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Know your country: Rooted in tradition, Tamilians have a zillion deities to keep them happy

Know your country: Rooted in tradition, Tamilians have a zillion deities to keep them happy

Know your country: Rooted in tradition, Tamilians have a zillion deities to keep them happy
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By Vijay Kumar Gaba  Jan 7, 2020 8:30:12 PM IST (Updated)

Very few people in North India appreciate that the Tamil people have a major role in the evolution, preservation and promotion of Hindu Vedic culture. Without getting into the Aryan vs Dravidian debate, anyone travelling through the smaller towns of Tamil Nadu could easily appreciate how our ancient heritage is still preserved.

This is the fourth installment of a series that CNBC-TV18 is launching known as Know Your Country. Helmed by our columnist Vijay Kumar Gaba, it is based on his observations about India and its people during his numerous travels across the length and breadth of the country. The fourth article is focused on Tamil Nadu, its culture and traditions and socio-political features. Follow the series here

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I traversed through 15 out of 32 districts falling under Chera Nadu, Pallav Nadu and Nadu Nadu regions of the state. It was wonderful to tread this beautiful landscape inhabited by happy and pious people. And I must confess, this is one of the most mesmerising states in the country. A vibrant history that is well preserved; an ancient culture that is still practised; Its beautiful landscape is dotted with a brilliant amalgam of history, religion, and culture; and incensed with the divine fragrance of camphor and jasmine.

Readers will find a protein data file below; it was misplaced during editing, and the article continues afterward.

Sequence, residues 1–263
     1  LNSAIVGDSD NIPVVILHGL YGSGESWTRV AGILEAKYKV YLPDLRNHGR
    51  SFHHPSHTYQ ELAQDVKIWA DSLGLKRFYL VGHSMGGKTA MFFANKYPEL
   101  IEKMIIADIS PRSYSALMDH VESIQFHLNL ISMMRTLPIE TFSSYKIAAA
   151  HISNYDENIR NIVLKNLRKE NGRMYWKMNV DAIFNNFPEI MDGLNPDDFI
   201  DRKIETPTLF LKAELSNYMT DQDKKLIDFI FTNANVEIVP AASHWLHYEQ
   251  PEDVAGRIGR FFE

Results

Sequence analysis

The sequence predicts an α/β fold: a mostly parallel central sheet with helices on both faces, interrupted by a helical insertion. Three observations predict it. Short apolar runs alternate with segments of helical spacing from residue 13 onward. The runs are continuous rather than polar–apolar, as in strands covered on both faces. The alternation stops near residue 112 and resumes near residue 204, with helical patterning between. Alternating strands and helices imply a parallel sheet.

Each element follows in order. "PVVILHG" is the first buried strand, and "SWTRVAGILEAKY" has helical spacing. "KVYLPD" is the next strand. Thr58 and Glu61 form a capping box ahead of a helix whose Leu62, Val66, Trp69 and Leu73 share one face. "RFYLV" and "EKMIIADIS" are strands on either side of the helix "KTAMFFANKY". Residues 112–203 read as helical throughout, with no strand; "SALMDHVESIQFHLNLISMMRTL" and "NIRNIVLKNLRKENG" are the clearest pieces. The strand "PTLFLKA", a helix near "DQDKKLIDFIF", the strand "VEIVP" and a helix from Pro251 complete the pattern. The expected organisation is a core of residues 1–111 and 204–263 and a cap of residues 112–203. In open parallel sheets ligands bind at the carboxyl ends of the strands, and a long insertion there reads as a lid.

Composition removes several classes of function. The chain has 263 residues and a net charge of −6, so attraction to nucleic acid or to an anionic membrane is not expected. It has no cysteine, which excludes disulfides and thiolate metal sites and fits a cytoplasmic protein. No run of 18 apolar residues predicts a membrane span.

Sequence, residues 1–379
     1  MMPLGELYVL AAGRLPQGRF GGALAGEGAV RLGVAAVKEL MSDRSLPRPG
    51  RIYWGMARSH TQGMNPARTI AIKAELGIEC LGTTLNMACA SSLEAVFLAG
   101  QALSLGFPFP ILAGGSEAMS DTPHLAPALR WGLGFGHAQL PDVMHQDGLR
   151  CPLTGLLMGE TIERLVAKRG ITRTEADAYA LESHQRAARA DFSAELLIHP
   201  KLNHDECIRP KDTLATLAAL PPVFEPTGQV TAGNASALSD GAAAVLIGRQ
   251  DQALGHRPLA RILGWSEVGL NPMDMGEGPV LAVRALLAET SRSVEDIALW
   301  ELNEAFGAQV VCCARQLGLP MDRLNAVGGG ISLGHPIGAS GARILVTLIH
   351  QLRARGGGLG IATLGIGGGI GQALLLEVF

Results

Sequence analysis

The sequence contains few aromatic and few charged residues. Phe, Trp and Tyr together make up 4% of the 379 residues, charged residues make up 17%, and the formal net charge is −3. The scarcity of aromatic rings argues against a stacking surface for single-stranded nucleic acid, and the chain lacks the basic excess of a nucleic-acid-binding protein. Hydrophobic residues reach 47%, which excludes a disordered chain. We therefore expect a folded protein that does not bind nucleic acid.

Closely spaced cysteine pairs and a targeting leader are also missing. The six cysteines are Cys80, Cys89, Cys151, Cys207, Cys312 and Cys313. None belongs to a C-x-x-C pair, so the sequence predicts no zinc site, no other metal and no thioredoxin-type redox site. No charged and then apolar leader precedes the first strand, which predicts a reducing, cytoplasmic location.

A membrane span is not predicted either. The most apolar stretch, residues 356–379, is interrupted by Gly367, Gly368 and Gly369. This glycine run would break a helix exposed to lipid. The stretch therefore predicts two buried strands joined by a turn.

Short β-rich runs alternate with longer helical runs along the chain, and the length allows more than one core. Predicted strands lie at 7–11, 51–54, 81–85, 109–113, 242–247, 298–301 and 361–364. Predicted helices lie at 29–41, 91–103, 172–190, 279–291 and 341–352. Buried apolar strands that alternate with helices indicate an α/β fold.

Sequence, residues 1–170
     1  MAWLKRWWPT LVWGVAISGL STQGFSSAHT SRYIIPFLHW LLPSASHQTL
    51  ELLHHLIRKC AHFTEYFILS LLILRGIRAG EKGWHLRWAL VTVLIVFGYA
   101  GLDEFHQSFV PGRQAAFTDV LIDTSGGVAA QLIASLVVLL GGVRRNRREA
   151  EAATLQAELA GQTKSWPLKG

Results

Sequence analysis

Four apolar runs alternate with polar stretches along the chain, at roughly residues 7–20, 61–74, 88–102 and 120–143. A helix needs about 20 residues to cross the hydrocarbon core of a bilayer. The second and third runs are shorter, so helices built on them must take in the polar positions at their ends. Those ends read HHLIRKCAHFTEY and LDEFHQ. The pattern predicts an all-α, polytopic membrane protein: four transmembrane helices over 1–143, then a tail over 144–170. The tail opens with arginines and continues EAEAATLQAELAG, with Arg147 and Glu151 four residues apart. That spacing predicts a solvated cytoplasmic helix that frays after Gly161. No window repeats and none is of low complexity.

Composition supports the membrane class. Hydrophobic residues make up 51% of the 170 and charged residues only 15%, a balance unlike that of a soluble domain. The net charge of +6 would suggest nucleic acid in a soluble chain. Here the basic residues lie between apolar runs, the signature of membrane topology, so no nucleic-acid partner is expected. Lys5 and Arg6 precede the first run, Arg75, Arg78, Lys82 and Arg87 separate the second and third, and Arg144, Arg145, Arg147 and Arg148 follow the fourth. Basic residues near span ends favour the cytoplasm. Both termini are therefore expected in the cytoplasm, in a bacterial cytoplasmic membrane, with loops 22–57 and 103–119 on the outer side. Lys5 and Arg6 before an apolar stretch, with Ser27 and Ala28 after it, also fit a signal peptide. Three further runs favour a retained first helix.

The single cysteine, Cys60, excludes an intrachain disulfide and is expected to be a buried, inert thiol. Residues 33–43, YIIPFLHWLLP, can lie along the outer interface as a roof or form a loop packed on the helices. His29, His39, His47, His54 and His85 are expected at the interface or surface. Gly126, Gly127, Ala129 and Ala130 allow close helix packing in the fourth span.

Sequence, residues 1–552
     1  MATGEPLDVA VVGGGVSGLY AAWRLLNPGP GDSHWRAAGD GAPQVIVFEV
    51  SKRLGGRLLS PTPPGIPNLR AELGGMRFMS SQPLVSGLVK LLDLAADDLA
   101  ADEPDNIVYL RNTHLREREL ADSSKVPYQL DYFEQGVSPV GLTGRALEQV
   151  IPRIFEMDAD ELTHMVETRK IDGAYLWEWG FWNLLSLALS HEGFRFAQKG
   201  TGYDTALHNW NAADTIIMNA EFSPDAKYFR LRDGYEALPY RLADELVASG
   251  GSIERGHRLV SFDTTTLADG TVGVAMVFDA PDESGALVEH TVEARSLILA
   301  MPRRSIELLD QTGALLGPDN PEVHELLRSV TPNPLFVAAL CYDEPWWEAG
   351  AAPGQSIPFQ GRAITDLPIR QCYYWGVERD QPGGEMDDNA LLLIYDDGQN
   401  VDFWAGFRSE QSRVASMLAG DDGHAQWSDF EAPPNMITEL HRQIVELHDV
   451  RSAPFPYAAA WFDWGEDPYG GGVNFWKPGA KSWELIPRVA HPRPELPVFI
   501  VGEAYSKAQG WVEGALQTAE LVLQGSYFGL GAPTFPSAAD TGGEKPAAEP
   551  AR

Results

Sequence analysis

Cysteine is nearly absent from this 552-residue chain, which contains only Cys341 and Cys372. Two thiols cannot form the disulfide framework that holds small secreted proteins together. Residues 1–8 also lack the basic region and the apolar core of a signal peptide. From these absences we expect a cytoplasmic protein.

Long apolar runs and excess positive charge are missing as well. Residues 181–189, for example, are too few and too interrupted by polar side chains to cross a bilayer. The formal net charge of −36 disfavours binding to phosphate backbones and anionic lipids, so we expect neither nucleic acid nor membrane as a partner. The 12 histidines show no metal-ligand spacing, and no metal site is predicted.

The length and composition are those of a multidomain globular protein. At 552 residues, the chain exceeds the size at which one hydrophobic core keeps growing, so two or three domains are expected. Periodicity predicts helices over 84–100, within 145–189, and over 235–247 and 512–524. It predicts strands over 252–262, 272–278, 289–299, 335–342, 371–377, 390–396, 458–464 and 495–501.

Very few people in North India appreciate that the Tamil people have a major role in the evolution, preservation and promotion of Hindu Vedic culture. Without getting into the Aryan vs Dravidian debate, anyone travelling through the smaller towns of Tamil Nadu could easily appreciate how our ancient heritage is still preserved.
Most people in other parts of India may also not fully appreciate that the rulers of Tamil Nadu from Pallav, Chola, Pandyan and Vijayanagram dynasties may have played a key role in making India the largest and the richest economy in the world. It was this land, along with Kerala, that produced and exported precious spices, silk, art effects, etc., that brought millions of tonnes of gold from foreign lands to India.
Urbanised but parochial
Though Tamil Nadu had always been the most urbanised state in the country, the cosmopolitan culture is limited to a few large cities only. Despite having one of the best literacy rates in the country, it is extremely difficult for any outsider to communicate with local people. For the first time in my journey across the country, I felt stranded. In many villages, I could not find anybody who could communicate in Hindi or English. With all road signs and signboards also in Tamil, not taking a local help along was a mistake. Thankfully I had the blessings of Saint Google, who rescued me from most difficult situations.
Rooted and divided
The best part of Tamil society is that the local people are deeply rooted in their culture and traditions. They have preserved their traditions very well. Even the youth population is attached to their traditions and religion.
The religious bias of the Tamil community is evident from the fact that this state perhaps has the largest number of medieval and ancient temples and monasteries that are still alive and are in very good condition. Even the ruins in the state are in excellent condition.
In fact, seemingly the Tamil people may have extended their pious nature little too far. All achievers in the State are invariably accorded the status of God – be it politicians, movie stars, sportspersons, artists, teachers, local administrators, police officers or even a Robin Hood-like local criminal. There are numerous temples dedicated to politicians and movie stars. These zillion deities keep the Tamil people happy.